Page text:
If certified by the Georgia PSC and licensed by the Nuclear Regulatory Commission (NRC), the two Westinghouse AP1000 units, with a capacity of approximately 1,102 megawatts each, would be constructed at the Vogtle Electric Generating Plant site near Waynesboro, Georgia, and would be placed in service in 2016 and 2017, respectively.
Georgia Power is the largest subsidiary of The Southern Company (NYSE: SO) , one of the nation's largest generators of electricity. The company is an investor-owned, tax-paying utility with rates well below the national average. Georgia Power serves 2.3 million customers in all but four of Georgia's 159 counties.
Oglethorpe Power Corporation is a $4.9 billion power supply cooperative serving 38 consumer-owned EMCs in Georgia. These EMCs provide retail electric service to approximately 4.1 million Georgians. Oglethorpe Power is the nation's largest electric cooperative in assets, annual kilowatt-hour sales, and ultimate consumers served.
The Municipal Electric Authority of Georgia (MEAG Power) is a public generation and transmission organization providing power to 49 Georgia communities with annual electric sales of $736 million and 10.8 million megawatt-hours of delivered energy in 2007.
Dalton Utilities has operated as a public utility since 1889 and provides potable water, electrical, natural gas and wastewater treatment services to approximately 65,000 customers in the City of Dalton and portions of Whitfield, Murray, Gordon, Catoosa and Floyd counties. In 2003, Dalton Utilities launched OptiLink and now provides broadband, cable TV, telephone and internet services to residential and business customers.
Southern Nuclear, a subsidiary of Southern Company, operates Plant Vogtle's two existing nuclear power units for the plant owners. Southern Nuclear also operates the Edwin I. Hatch Nuclear Plant near Baxley, Ga. and the Joseph M. Farley Nuclear Plant near Dothan, Ala.
Cautionary Note Regarding Forward-Looking Statements:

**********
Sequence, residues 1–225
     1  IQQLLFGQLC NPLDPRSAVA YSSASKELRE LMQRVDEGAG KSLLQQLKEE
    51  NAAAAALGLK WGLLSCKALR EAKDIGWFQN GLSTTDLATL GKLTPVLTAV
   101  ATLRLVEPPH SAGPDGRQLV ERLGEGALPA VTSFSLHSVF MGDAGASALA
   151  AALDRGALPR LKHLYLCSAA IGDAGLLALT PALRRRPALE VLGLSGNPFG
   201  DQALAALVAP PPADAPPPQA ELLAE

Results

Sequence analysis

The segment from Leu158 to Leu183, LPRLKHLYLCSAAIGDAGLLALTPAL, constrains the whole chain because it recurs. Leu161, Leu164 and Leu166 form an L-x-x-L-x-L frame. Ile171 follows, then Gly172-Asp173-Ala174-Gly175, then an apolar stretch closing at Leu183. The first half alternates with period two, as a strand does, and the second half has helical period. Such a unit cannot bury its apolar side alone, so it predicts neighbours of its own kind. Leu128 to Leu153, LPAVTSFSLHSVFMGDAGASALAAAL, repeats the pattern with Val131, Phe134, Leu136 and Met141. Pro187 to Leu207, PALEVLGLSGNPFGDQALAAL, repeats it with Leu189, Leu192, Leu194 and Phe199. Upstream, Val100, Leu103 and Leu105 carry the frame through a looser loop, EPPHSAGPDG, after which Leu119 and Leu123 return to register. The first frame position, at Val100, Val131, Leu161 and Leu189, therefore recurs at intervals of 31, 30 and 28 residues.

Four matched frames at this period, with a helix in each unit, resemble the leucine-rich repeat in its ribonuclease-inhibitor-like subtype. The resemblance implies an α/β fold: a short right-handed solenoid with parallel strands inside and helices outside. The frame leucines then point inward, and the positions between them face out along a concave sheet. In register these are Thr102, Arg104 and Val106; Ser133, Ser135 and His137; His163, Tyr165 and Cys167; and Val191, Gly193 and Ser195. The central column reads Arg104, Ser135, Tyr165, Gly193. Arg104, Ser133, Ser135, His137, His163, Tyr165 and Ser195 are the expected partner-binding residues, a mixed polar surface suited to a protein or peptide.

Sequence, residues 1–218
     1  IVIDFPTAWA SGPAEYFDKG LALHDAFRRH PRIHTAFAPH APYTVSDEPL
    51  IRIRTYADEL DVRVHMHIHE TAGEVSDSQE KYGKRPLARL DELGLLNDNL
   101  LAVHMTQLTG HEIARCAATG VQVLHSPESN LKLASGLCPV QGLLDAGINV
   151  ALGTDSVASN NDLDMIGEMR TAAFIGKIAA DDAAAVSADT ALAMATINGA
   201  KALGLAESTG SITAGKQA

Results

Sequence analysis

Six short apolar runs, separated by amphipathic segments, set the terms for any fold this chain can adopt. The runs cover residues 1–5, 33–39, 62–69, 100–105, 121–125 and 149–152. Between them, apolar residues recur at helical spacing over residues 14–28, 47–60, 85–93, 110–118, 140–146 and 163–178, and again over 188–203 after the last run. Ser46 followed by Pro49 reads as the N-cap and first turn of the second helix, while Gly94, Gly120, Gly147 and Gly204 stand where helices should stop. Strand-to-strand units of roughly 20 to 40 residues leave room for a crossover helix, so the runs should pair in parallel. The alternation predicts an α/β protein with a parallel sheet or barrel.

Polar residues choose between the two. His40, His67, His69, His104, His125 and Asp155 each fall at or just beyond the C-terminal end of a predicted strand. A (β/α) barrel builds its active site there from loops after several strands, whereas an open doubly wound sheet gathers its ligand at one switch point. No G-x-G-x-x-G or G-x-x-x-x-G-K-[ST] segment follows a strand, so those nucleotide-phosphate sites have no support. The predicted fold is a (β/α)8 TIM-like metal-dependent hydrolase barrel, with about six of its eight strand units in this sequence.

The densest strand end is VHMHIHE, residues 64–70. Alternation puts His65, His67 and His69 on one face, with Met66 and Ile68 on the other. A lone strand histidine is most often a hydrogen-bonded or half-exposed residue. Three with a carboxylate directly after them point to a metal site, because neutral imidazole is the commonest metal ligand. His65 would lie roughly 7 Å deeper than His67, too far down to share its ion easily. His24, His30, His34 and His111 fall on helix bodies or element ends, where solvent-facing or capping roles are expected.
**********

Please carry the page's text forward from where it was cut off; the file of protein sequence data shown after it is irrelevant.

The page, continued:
Certain information contained in this release is forward-looking information based on current expectations and plans that involve risks and uncertainties. Forward-looking information includes, among other things, statements concerning the timing of various regulatory and other actions and plans for and estimated costs of new generation resources for Georgia Power. Southern Company and Georgia Power caution that there are certain factors that can cause actual results to differ materially from the forward-looking information that has been provided. The reader is cautioned not to put undue reliance on this forward-looking information, which is not a guarantee of future performance and is subject to a number of uncertainties and other factors, many of which are outside the control of Southern Company and Georgia Power; accordingly, there can be no assurance that such suggested results will be realized. The following factors, in addition to those discussed in the Annual Report on Form 10-K for the year ended Dec. 31, 2007 of Southern Company and Georgia Power, and subsequent securities filings, could cause results to differ materially from management expectations as suggested by such forward-looking information: regulatory approvals related to the potential Plant Vogtle expansion, including Georgia Public Service Commission and Nuclear Regulatory Commission approvals; effects of inflation; ability to control costs, including the cost and efficiency of construction labor, equipment and materials; interest rate fluctuations and financial market conditions and the results of financing efforts, including Southern Company's, Georgia Power's, and any of their subsidiaries' credit ratings and their impact on the cost of capital; the impact of recent and future federal and state regulatory change, including legislative and regulatory initiatives regarding deregulation and restructuring of the electric utility industry, implementation of the Energy Policy Act of 2005, environmental laws including regulation of water quality and emissions of sulfur, nitrogen, mercury, carbon, soot or particulate matter and other substances, and also changes in tax and other laws and regulations to which Southern Company, Georgia Power and any of their subsidiaries are subject, as well as changes in application of existing laws and regulations; current and future litigation, regulatory investigations, proceedings or inquiries, including the pending EPA civil actions against certain Southern Company subsidiaries, FERC matters, IRS audits and Mirant-related matters; the effects, extent and timing of the entry of additional competition in the markets in which Southern Company's or Georgia Power's subsidiaries operate; variations in demand for electricity, including those relating to weather, the general economy, population and business growth (and declines), and the effects of energy conservation measures; available sources and costs of fuel; advances in technology; state and federal rate regulations and the impact of pending and future rate cases and negotiations, including rate actions relating to fuel and storm restoration cost recovery; potential business strategies, including acquisitions or dispositions of assets or businesses, which cannot be assured to be completed or beneficial to Southern Company, Georgia Power, or any of their subsidiaries; the ability of counterparties of Southern Company or Georgia Power to make payments as and when due; the ability to obtain new short- and long-term contracts with neighboring utilities; the direct or indirect effect on Southern Company's or Georgia Power's business resulting from terrorist incidents and the threat of terrorist incidents; the ability of Southern Company, Georgia Power, and any of their subsidiaries to obtain additional generating capacity at competitive prices; catastrophic events such as fires, earthquakes, floods, hurricanes, droughts, pandemic health events such as an avian influenza or other similar occurrences; the direct or indirect effects on Southern Company's or Georgia Power's business resulting from incidents similar to the August 2003 power outage in the Northeast; and the effect of accounting pronouncements issued periodically by standard- setting bodies. Southern Company and Georgia Power expressly disclaim any obligation to update any forward-looking information.